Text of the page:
We view the tithe as an income tax, and we are taught that it is to be used to support the Church. I believe that both of these assumptions are incorrect. I’m not a conspiracy theorist; I just think we’ve all grown up with the wrong idea. Getting the tithe wrong has been, and will continue to be, harmful not only to God’s people and his Church, but also to the greater society. This posting will be about the source of the tithe. My next posting will be about the uses to which the tithe was put.
As I implied above, I don’t believe the tithe was an income tax. Rather, I think it was a land rent. God said in the 26th chapter of Leviticus that the land belonged to him, and that the Israelites were “strangers and guests” on his land. Now God did set it aside for them – promised it to them – but as legal possessors, not owners. God set the terms for possession: Sabbath and Sabbatical year observances, the Jubilee, and following the Law. Furthermore, he set the payment terms for renting his land – the tithe.
God’s Law was set up between 1400 BC and 1200 BC, hundreds of years before the development of money. So payment of rent to a landlord, in those pre-monetary days, was accomplished by turning over a fixed percentage of the land’s annual production. In this case, 10% of this year’s crop or yearling livestock. It was turned over as part of a standard landlord/tenant relationship, although, relative to the level demanded by landlords in nearby countries, it was a generous arrangement. The Israelite “tenants” did not have to pay much to stay on the land.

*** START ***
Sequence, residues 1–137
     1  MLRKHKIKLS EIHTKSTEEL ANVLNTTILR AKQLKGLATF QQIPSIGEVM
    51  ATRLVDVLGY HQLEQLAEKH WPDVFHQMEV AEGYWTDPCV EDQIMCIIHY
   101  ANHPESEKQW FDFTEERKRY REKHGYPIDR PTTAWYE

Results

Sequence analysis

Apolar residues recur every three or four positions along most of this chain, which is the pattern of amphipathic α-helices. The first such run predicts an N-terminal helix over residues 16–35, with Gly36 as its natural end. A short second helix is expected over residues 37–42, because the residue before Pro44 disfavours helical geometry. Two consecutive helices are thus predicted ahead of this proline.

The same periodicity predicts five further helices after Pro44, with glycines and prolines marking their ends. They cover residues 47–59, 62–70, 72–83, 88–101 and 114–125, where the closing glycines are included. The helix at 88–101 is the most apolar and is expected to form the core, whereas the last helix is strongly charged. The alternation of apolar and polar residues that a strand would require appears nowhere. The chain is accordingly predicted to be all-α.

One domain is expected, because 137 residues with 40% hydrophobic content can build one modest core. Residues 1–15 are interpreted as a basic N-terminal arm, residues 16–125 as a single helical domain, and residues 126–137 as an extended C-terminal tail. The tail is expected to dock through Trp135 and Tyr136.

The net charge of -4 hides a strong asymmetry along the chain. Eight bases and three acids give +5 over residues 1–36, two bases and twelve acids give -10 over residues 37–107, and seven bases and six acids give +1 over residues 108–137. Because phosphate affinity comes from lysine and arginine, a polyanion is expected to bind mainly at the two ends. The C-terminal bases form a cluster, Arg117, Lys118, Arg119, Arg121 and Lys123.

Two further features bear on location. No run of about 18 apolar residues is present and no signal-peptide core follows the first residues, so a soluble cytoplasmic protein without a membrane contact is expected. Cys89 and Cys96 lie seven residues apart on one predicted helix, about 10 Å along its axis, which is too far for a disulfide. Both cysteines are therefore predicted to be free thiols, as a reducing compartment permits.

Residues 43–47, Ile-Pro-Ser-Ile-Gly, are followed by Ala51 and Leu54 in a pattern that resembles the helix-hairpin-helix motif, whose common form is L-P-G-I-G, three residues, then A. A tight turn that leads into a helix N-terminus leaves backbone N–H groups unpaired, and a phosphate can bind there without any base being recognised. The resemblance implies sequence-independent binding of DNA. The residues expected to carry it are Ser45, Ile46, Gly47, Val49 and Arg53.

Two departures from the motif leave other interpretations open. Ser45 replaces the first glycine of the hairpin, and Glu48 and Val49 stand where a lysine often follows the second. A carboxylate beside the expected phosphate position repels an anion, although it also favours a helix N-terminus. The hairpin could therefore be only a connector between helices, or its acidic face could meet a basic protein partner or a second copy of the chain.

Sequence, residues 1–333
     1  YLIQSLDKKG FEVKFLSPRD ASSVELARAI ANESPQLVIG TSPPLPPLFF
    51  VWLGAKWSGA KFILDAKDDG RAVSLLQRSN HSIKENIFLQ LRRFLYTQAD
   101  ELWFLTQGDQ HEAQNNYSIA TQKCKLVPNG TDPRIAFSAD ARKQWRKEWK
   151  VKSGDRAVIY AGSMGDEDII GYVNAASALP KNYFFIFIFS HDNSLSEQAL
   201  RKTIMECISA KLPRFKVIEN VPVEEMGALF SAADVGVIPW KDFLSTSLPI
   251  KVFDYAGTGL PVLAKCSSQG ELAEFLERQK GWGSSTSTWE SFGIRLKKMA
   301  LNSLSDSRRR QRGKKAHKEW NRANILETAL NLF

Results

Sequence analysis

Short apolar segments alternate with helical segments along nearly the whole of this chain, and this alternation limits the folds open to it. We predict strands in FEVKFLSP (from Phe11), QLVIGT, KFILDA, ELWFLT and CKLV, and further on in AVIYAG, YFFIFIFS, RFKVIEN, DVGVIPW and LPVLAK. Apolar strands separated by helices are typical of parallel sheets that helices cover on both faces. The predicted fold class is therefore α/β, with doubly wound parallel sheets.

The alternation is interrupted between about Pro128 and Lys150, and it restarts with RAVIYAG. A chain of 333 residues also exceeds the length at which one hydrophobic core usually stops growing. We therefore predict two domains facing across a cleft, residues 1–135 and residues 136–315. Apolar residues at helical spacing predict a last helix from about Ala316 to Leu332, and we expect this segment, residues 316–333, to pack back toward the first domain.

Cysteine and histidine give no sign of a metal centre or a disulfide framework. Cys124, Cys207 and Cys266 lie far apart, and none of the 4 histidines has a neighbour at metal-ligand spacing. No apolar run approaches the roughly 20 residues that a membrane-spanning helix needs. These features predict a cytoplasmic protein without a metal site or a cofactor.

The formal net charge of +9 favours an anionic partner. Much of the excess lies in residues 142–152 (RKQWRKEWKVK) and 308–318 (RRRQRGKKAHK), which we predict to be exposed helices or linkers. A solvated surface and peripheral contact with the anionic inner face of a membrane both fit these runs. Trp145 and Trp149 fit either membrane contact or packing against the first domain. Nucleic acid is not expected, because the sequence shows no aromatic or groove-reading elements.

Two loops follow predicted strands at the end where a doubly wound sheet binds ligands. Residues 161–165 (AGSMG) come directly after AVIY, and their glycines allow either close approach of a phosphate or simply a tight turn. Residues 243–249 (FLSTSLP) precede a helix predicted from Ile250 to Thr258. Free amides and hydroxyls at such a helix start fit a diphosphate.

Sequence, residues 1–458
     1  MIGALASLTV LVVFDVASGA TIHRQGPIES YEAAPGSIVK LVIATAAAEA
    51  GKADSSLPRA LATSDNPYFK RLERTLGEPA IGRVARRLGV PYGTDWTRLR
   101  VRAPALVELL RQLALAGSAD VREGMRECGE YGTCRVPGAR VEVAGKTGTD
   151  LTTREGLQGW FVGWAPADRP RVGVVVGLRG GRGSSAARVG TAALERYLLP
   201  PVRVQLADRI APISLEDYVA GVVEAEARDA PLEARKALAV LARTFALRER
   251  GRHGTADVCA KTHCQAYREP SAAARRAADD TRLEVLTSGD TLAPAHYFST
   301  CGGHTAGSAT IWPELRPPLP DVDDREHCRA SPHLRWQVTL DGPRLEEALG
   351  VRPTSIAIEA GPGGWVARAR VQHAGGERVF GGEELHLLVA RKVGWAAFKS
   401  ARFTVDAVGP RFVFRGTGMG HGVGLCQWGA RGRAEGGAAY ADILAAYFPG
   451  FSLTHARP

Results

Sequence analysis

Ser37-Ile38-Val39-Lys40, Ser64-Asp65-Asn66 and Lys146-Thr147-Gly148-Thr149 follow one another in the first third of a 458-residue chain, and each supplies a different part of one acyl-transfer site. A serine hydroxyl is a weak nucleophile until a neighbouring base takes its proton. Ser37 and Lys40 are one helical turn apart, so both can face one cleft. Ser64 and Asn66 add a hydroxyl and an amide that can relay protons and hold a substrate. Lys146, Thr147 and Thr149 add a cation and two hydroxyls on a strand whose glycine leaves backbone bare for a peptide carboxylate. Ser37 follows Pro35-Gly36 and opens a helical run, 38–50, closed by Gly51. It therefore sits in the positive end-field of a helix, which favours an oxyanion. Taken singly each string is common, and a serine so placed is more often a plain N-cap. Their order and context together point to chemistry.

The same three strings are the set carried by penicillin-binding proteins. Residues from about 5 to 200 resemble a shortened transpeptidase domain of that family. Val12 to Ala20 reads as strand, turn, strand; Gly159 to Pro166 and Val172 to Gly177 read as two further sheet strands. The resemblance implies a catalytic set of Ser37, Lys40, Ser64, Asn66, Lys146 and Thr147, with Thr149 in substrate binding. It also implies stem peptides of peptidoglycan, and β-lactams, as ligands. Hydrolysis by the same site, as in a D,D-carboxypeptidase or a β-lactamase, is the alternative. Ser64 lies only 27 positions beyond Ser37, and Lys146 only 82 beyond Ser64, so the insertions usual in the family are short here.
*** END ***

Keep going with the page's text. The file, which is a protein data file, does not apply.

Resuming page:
There was an exception to this general arrangement: the Levites. The tribe of Levi was not given any land. They filled the urban jobs in the major towns. They had income. Except for their one week out of twenty-four at the site of the Ark, they were self-supporting. Yet the Bible says they paid no tithe. Why?
The 18th Chapter of the book of Numbers says the Levites paid no tithe because they had no inheritance in land. Only those who had an inheritance (from God) in land paid the tithe. We tend to think that they did not pay a tithe because they were involved in priestly or other religious duties. This is not so.
The members of the other tribes paid the tithe, based on the productivity of the land they possessed, because they were renting it from the owner, God. The tithe was land rent to God, not an income tax.